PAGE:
The real story of Gangubai Kathiawadi – the woman who once reprimanded the Prime Minister of India

The real story of Gangubai Kathiawadi – the woman who once reprimanded the Prime Minister of India
It is uncommon to find a woman in a crisp white saree with a Rupee-sized bindi on her forehead – walking in the streets of a red-light area. But the woman was no ordinary bordello madam either, as she steps out of a Bentely with gold rimmed glasses. She was the Queen of Kamatipura.

The story of Gangubai will now come alive on screen helmed by Sanjay Leela Bhansali and played by Alia Bhatt in the upcoming biopic ‘Gangubai Kathiawadi’. However, many who knew her would also say that she is not the white knight, as she is a whorehouse madam and did all it takes to keep it running. It is to be seen if these shades would be well-represented in the movie or would be whitewashed to turn her into a Bollywood-style hero.

The rakhi sister of Karim Lala

A young Ganga from Kathiwad, in the state of Gujarat, hailed from a family of lawyers but was captivated by Mumbai’s movie industry. She ran away with one of her father’s clerks, landed in the city of dreams but eventually, the clerk sold her for ₹500 to the red-light area, Kamatipura.

After weeks of crying, the young girl who was aware that she now had nowhere else to go, decided to stay back. Soon, she became one of the most-prized prostitutes known for her gab and her knack of making many Seths open their purse strings.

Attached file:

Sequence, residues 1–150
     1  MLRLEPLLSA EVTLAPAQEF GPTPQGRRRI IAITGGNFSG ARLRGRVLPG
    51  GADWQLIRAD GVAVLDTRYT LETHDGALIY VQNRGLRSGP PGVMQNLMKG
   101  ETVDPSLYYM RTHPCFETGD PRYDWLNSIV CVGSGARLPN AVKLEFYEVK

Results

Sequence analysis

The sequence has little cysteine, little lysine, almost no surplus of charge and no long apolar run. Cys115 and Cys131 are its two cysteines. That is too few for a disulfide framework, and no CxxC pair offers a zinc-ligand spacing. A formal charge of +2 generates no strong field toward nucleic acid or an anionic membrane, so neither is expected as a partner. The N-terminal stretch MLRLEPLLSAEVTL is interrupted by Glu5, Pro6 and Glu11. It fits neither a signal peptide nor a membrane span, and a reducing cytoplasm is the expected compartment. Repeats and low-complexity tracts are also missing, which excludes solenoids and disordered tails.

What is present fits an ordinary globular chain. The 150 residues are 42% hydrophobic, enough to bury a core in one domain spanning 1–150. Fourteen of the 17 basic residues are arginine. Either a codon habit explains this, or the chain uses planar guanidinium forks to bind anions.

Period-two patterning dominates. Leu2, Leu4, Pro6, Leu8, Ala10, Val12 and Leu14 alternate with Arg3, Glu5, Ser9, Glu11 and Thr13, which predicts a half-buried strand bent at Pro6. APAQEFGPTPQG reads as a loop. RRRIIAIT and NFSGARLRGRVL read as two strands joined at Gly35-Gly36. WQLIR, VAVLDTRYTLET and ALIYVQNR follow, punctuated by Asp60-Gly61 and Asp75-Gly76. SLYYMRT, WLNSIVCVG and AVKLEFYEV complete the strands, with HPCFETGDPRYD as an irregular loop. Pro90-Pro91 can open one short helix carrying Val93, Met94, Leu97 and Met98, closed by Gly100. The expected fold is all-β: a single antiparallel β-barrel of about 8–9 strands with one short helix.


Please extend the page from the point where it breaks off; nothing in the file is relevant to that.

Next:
Journalist Hussain Zaidi’s book on Mafia Queens of Mumbai portrayed Gangubai as a woman of spirit and not a victim of circumstance. When a Pathan raped her brutally leaving her invalid for days, she decided to accost his boss after his Friday prayers. The boss was none other than mafia don Karim Lala.

Not only did Lala mercilessly beat up her tormentor but also warned everyone against ill-treating his ‘rakhi sister’. After that, her rise to the top was meteoric as she developed contacts with police and other key people with power.


During her reign, the red-light area was one of the most prosperous lanes as it had rich and powerful clients not to mention a steady stream of earnings from the underworld. So much so that Gangu would often wear sarees with golden borders and blouses with golden buttons.

‘Will you make me Mrs Nehru?’

Gangubai evoked so much awe that she became a rare woman to have her statue bust erected in the area. She also advocated the cause of her kind in the society.

The plucky woman once took the stage at a woman empowerment summit amidst social workers and NGOs to advocate the need for prostitution belts in cities. Her speech was so widely reported that it won an audience with the Prime Minister.

Jawaharlal Nehru was so impressed by her proposal to protect the red-light area that he asked why she ended up in this business when she could have found a nice husband.

To this, she quickly asked him if he would marry her. As Nehru was left red-faced she went on to say, “It is very easy to preach but tough to practice.”

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